Hello everyone from the land of self quarantine! Damn!! I really hope all of you out there are staying safe safe, staying home and keeping your damn sanity. With all that being said, I guess some good can indeed come out of all this isolation? On the bright side there’s now plenty of time to watch as many movies, tv shows & read as many comic books as humanly imaginable. But let’s face it, the hard part is finding the quality entertainment to pass the time. So my question to you all: what should I be watching to take my mind off of all of this damn craziness? One can only watch so much of the depressing anxiety inducing news! So please let me know in the comments what the hell I might be missing out on!
I’d say the best thing that I’ve seen since this stinkin’ self quarantine began was a movie called “Good Boys” from 2019. It’s easily one of the best damn comedies of the last 5 years, no doubt about that. It follows the adventures of three tween boys as they go on a “desperate” mission to recover a lost drone they used to spy on their teenage neighbor in hopes of learning how to kiss for an upcoming “kissing party”. Of course along the way they get into a shitload o’ mischief and meet more than their fair share of ridiculously shady characters. It kind of reminds me of ‘Superbad’ with 12 year olds. Make no mistake, this by no means is a kids movie though, but the kids in it are full on comic geniuses. One of my new faves for sure. So check it out if you’re looking for something that’s likely to put a smile on your face in the times of pandemic. It won’t disappoint!
Otherwise the movie pickins have been pretty slim to be honest. I checked out a couple horror movies from the 80s that were filmed in my home state of Wisconsin, both of which ended up being interesting for that reason to me but easily could cause drowsiness to the average movie fanatic. Oddly, both I believe were released by Troma films at some point in time. First was ‘Blood Hook’, a semi-promising 80’s fishing slasher flick and second was the super snoozer ‘The Capture of Bigfoot.’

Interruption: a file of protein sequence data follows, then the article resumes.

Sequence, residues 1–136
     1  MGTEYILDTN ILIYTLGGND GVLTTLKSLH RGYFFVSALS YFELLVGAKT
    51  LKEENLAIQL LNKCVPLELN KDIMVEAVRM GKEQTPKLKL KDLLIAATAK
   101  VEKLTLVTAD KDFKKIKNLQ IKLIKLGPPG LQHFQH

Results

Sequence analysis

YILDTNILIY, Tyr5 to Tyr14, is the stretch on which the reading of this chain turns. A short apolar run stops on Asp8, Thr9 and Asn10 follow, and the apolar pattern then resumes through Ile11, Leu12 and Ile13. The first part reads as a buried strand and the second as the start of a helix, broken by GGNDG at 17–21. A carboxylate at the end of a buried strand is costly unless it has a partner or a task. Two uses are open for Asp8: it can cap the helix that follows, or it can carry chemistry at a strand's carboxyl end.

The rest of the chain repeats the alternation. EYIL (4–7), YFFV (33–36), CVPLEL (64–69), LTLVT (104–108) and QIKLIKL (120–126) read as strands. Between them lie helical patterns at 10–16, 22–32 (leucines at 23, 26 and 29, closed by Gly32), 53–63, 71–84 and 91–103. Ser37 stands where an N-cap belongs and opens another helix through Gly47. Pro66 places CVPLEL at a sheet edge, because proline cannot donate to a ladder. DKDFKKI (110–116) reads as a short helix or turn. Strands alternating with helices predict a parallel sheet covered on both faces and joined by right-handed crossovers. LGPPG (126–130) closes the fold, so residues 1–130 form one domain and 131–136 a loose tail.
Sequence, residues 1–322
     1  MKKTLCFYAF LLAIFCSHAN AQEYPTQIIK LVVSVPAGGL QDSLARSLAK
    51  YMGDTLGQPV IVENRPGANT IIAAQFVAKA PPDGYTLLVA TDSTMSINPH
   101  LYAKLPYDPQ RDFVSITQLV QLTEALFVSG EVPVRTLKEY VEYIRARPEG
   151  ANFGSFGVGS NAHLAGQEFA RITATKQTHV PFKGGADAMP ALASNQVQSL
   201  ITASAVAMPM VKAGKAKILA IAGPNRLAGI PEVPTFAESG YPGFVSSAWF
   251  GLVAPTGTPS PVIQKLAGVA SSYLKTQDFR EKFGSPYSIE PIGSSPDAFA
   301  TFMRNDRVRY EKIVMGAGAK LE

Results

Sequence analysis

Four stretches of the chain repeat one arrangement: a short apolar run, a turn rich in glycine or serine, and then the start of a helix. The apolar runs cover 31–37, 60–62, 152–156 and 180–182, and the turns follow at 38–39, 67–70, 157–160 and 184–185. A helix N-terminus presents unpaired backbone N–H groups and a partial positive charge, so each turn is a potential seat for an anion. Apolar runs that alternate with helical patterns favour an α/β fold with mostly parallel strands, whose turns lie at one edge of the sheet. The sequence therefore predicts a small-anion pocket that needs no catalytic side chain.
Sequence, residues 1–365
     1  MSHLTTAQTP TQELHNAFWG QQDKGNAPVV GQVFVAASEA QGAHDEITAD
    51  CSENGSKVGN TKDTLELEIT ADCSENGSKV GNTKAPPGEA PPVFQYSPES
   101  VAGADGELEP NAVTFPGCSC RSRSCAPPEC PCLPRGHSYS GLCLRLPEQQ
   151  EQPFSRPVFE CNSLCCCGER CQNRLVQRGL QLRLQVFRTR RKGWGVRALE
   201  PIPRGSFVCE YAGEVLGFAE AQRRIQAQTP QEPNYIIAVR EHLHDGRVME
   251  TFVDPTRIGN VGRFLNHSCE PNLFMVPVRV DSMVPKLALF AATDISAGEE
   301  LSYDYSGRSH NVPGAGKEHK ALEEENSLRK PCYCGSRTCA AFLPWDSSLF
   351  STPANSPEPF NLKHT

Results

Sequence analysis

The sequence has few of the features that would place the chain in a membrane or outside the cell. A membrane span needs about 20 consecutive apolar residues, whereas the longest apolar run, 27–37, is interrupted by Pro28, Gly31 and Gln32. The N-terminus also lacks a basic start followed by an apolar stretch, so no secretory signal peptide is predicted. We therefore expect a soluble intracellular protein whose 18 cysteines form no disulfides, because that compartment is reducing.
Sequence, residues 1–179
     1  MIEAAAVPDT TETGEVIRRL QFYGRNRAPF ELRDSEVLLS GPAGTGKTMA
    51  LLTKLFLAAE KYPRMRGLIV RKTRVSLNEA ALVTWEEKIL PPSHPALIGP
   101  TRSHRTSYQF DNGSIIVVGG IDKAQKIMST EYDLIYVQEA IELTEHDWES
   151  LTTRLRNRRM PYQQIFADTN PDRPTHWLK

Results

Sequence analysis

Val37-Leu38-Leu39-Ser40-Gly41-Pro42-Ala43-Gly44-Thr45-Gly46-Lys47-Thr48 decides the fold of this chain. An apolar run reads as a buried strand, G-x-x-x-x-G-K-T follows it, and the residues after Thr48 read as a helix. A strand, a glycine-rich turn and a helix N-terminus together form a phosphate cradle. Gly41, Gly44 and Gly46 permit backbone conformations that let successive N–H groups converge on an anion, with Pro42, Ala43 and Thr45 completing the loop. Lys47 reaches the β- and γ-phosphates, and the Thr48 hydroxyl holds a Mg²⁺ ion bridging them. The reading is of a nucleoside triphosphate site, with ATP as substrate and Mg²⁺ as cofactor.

Both appeared, from their cool VHS covers to be epic horror flicks, but I quickly found myself nearly nodding off or having those wicked thoughts of god damn Corona weaseling it’s way back into my mind. Not a good sign. I am though, very intrigued with movies that were filmed in Wisconsin, especially horror movies which there really aren’t many of in the land of cheese.
The Midwest was not exactly the epicenter of groundbreaking filmmaking especially in the 80s. But if you’re from “America’s Dairyland” both of these are definitely worth a peek for that fact at least I suppose?
I did though check out a cool movie from 1989 called ‘Vampire Buster'(AKA Ninja Vampire Busters), a sweet Hong Kong horror comedy. It follows an haunted urn containing a wicked demon that mysteriously ends up in Hong Kong after being auctioned off to a rich Tycoon. Of course things go off the rails when the evil is accidentally released from it and wastes no time to begin possessing innocent people. Luckily the owner of the urn, “The Vampire Buster” is hot on its tracks, arriving in Hong Kong with his supernatural abilities and smooth ass martial arts moves in full effect.
Lots of cool 80s visual-effects going on here and some genuinely creepy moments, along with a hefty dose of well landing comedy make ‘Vampire Buster’ one of the standouts in my recent binge of Hong Kong horror viewing. Much of how entertaining it is largely relies on Kent Cheung’s (who stars as the magical demon buster) charisma and highly impressive martial arts skills. For a man of his stature he surely has some truly impressive feats of agility, bringing to mind the legendary Sammo Hung. Track down ‘Vampire Buster’ and I even advise watching it with the English dub track as it’s pretty well done and the voices for once I feel actually enhance the movie’s charm. That being said there was not one damn vampire to be seen in ‘Vampire Buster’….Ok now what have YOU seen that’s worth a watch during the pandemic?